All included participants performed an on-road driving test, based on their visual field defects. Included cases were participants who did not pass the on-road driving test. For each case, a control participant was selected who did pass the driving test, matched on age (month of birth versus month of testing), gender, and the diagnosis code for their disorder in the CBR database. The codes referred to “visual field defect” (inclusion criterion for all participants in the database), “progressive eye disease” (e.g., glaucoma), and “central nervous system disorder” (e.g., occipital stroke). 
Only participants were included in whom a visual field defect was the main (if not only) reason to mandate the on-road driving test. Furthermore, for inclusion, a binocular Esterman visual field (as provided by the referring ophthalmologist) had to be available. All Esterman visual fields were tested with the custom program available on a Humphrey Visual Field Analyzer (HFA; Carl Zeiss Meditec AG, Jena, Germany). 
The On-Road Driving Test
All participants in this study underwent an on-road driving test on the public road, according to usual clinical practice in The Netherlands, where right-hand traffic and left-hand drive are common practice. The test has a duration of 60 minutes, with a minimal driving time of 30 minutes, and is administered by a practical fitness-to-drive expert of the CBR. There is not an obligatory fixed route for the test, but a specific protocol is in place in the presence of visual field defects (see Supplementary Materials S2). The on-road driving test always leads to a dichotomous pass or fail outcome. However, a passed driving test can be coupled with imposing restrictions, such as mandatory vehicle adaptations, and occasionally additional advice is given on a limited duration of license renewal. 
Data Extraction
For each participant, the 120 points of the binocular Esterman visual field were scored if the point was “seen” (1) or “not seen” (0). The month and year of birth, month and year of the driving test, (best-corrected) visual acuity of right and left eye, and relevant ocular comorbidity were listed (glaucoma, macular disease, cataract, stroke/brain tumor, diabetes mellitus, ocular vascular occlusion). Furthermore, data reported by the ophthalmologist, such as if the participant wore glasses or contact lenses, if the visual field condition was progressive or stable, and presence of diplopia or affected dark adaptation, were included in the database. 
Analysis of Visual Field Data
The Esterman visual field was divided in regions for the statistical analysis. These regions were “all” (all points), “center” (points within a 20-degree radius), “European Union (EU) region” (a rectangle extending 20 degrees up and down and 50 degrees left and right, as mandated in the EU regulations29), “paracentral” (all 18 points adjacent to the center), and “periphery” (the points outside the EU region) (Fig. 1). Additionally, the visual field was divided by the midlines in “left,” “right,” “up,” and “down” and the quadrants “left-up,” “right-up,” “left-down,” and “right-down.” 
Figure 1.
 
Visual field regions used for analysis. “All”: all 120 points; “center”: all points within 20 degrees (radius) from the center; “EU region”: all points within a rectangle, extending 20 degrees up and down and 50 degrees left and right and “periphery” (the points outside the EU region). The black dots represent the paracentral region.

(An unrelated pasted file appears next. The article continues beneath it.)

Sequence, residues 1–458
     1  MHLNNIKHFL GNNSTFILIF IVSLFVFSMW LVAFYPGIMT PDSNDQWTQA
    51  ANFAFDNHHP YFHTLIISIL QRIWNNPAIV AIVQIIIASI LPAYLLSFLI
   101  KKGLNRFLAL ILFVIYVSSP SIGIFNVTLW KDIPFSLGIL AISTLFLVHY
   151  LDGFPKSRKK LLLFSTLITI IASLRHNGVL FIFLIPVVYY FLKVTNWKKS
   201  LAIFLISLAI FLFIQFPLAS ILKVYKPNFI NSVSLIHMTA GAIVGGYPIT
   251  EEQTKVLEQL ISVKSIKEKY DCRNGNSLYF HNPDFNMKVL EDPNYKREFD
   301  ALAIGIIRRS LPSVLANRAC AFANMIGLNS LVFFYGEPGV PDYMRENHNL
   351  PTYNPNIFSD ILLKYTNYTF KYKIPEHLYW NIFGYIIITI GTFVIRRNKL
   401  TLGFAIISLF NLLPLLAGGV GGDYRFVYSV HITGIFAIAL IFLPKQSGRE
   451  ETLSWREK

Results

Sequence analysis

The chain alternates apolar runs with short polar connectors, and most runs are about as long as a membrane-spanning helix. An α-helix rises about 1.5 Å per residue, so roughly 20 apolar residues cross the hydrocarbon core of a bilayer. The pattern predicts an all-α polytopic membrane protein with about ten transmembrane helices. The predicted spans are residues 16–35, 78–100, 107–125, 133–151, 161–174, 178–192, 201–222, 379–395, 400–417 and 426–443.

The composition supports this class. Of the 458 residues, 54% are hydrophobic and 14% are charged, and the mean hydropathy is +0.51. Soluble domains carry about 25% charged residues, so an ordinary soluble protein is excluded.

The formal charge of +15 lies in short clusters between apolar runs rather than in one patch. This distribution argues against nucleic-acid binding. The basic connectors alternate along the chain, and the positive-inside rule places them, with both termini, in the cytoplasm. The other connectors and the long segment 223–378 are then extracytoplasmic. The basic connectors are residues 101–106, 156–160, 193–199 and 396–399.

Figure 1.
 
Visual field regions used for analysis. “All”: all 120 points; “center”: all points within 20 degrees (radius) from the center; “EU region”: all points within a rectangle, extending 20 degrees up and down and 50 degrees left and right and “periphery” (the points outside the EU region). The black dots represent the paracentral region.
Statistical Analysis
Descriptive statistics were reported for the participant characteristics in the database. In addition, t-tests for continuous variables and χ2 tests for categorical variables were performed to verify if the matching was performed properly and if the groups did not vary significantly on the reported characteristics. 
The relation between the factor (number of points seen) and the dichotomous outcome (fail or pass of the on-road driving test) was tested with a logistic regression model for each of the regions in Figure 1. The assumptions for logistic regression were checked. For skewed distributions, a ln-transformation was used. If this did not normalize the distribution, the variable was divided in tertiles. In case of tied values, the lowest rank was used. Besides conducting an uncorrected model, a corrected model was also performed, including best-corrected visual acuity (visual acuity of the best eye, in logMAR), age, and gender, to each visual field region to accommodate (minor) differences between cases and controls. Each model was also tested for the group of patients with glaucoma—since glaucoma is the main reason for driver's license issues at a higher age, from an ophthalmologic point of view—to investigate if the regions can predict the outcome of the on-road driving test for this group of patients. We decided to use the same tertiles in the group of patients with glaucoma as were used in the models for the total population. Other variables, such as presence of ocular comorbidities and progressive nature, were added to the univariate model of the whole field for the total population as these were potential confounders. 
To investigate the predictive value of the Esterman visual field outcome for the outcome of the on-road driving test, receiver operating characteristic (ROC) curves were computed for each of the visual field regions, investigating the relation between the number of points seen and the outcome of the driving test. Pearson correlations for pairs of continuous variables were computed to explore the dependency of neighboring regions.